LIVE REVIEW: The Fall, Trudy & the Romance, Blood Sport @ Boiler Shop, Newcastle (23.10.17) | NARC. | Reliably Informed | Music and Creative Arts News for Newcastle and the North East

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Unpredictability has long been the guiding force behind Mark E Smith and The Fall. Alongside the usual litany of clichés a writer is expected to roll out – the line-up changes, the ever-expanding back catalogue, and ‘insert that John Peel quote here’ – it does seem relevant to point out how truly unique an enterprise The Fall are; how Smith and company have consistently refused the comforts of nostalgia in favour of pressing ceaselessly forwards. It’s an artistic fervour matched by their devoted fanbase, still voting with their feet to make it down to the Boiler Shop on a Monday evening.

Sheffield’s Blood Sport prove an inspired choice of opener: their mangling of live noise-punk and explicitly techno-derived rhythms and structures, driven by the unrelenting man-machine fervour of Sam Parkin’s drumming, make for a forceful half hour where songs mix in and out of each other as one glorious, elongated groove. With the three members recently deciding to call time on the band, it’ll be sad to see such a distinctive act go – but fascinating to see where they take their ideas next.

Trudy & the Romance however prove something more of a throwback: a throwback, in fact, to the halcyon days of…2005. Their tepid, pseudo doo wop indie rock goes beyond pastiche to pure tedium, and as their performance moves onward, the crowd slowly but surely loses all interest. The band might be aiming for the simple melodic joys of fifties and sixties pop, but this is little more than Toploader with a topknot.

2017 has been a difficult year in the land of The Fall. Although they’ve been able to celebrate the release of the suitably pugnacious new album New Facts Emerge, the band have been compelled to postpone and cancel a host of appearances (this Boiler Shop engagement was originally scheduled for February) due to Mark E Smith’s ill health. Although it’s a tribute to his formidable drive that he appears tonight, the hip priest is visibly very unwell.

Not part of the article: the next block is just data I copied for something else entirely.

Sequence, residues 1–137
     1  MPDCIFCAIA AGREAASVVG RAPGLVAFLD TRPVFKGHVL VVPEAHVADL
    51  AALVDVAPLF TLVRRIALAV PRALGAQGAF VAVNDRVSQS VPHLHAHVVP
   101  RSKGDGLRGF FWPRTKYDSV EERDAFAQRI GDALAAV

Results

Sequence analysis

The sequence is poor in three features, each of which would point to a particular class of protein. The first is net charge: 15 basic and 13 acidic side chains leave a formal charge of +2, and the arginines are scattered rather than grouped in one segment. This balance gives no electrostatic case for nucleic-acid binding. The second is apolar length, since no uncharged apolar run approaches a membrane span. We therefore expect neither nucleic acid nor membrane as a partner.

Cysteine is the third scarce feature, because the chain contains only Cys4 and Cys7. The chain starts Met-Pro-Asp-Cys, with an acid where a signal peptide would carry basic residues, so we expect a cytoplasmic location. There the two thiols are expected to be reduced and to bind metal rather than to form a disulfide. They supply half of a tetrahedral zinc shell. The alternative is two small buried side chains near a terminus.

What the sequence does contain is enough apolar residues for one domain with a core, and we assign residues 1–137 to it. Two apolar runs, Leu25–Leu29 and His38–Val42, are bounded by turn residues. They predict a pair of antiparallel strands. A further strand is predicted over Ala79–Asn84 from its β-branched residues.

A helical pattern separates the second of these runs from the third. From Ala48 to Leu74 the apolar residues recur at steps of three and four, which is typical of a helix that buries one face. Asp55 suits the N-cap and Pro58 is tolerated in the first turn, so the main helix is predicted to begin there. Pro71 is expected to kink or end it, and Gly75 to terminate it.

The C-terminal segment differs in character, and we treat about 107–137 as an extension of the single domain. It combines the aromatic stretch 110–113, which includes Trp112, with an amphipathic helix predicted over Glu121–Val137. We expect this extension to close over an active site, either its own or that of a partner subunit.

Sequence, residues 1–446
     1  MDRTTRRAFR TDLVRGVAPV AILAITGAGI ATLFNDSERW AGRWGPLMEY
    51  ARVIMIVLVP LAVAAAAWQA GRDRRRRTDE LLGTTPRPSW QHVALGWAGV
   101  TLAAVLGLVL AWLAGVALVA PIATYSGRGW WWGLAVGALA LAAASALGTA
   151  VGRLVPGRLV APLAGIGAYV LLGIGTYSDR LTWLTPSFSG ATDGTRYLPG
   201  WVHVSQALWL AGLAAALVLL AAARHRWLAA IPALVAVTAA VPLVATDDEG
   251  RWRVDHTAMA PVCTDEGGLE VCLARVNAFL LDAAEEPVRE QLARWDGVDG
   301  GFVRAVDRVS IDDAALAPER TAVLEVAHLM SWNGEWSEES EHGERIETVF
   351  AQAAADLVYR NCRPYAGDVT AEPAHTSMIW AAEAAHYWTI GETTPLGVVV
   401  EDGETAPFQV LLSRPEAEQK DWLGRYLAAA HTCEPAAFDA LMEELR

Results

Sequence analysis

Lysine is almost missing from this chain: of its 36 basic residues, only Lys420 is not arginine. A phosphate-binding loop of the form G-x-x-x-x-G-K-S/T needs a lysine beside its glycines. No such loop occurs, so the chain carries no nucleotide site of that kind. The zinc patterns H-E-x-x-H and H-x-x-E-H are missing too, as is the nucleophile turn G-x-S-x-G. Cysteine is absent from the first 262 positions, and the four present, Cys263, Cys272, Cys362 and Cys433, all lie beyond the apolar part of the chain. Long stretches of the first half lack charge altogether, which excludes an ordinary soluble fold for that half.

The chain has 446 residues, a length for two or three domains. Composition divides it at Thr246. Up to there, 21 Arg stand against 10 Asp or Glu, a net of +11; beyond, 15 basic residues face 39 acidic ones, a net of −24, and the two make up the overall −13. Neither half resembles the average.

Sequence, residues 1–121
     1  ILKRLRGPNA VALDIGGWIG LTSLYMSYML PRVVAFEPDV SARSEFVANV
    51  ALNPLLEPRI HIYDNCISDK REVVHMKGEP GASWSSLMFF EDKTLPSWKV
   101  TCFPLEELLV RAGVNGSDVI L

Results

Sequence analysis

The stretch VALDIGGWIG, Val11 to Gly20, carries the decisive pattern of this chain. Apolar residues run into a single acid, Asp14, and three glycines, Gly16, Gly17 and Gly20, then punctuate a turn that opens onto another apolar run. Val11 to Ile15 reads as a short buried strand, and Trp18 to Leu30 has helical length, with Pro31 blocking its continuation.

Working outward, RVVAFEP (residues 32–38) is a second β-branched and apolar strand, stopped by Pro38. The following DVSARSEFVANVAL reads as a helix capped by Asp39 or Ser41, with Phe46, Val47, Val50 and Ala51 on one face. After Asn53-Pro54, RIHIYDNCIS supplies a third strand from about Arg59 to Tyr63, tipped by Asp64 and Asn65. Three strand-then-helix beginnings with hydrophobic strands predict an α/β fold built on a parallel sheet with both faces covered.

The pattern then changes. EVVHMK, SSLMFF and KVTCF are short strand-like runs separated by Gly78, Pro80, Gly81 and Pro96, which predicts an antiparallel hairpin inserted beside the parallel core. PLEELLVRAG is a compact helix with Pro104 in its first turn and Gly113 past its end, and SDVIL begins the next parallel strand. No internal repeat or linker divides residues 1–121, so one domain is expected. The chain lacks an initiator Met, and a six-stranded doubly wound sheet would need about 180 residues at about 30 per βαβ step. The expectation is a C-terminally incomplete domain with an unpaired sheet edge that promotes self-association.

Flanked by long-term lieutenants Pete Greenway, Dave Spurr and Keiron Melling (as well as new keyboardist Mike Clapham and manager/additional vocalist Pamela Vander), instead of his usual prowling, equipment-fiddling presence, Smith is tonight confined to a wheelchair front of stage. If deprived of many of his usual stage habits, he focuses on his vocals to deliver an especially emphatic, phlegmatic set – a telling one-two punch of Over Over and Fall Sound early on, a stomping Fol de Rol, the perennial delight that is Blindness.

To their credit, this long-lasting backing group know well enough to keep their heads down and to kick out the jams, even if it is still strange to see a Fall line-up essentially propping up their leader. Auto Chip 2014-16 and Bury round off the set in dramatic fashion (Smith now delivering his vocals from back-stage – this, admittedly, being something of a frequent trick of his), while a double-speed encore of Mr Pharmacist after the crowd have already begun to disperse is a sharp end to the night.

As much as this performance is a triumph of sheer willpower, it still leaves an uneasy feeling to witness a genuine icon and talent of Smith’s calibre in such ailing condition. Not that the decision to do this gig would have been down to anyone or anything but the iron R.O.D. of M.E.S. – and it’s impossible not to admire the determination – but it’s hard not to wonder quite what the future holds for this most remarkable of institutions. Check the guy’s track record – he is not appreciated.

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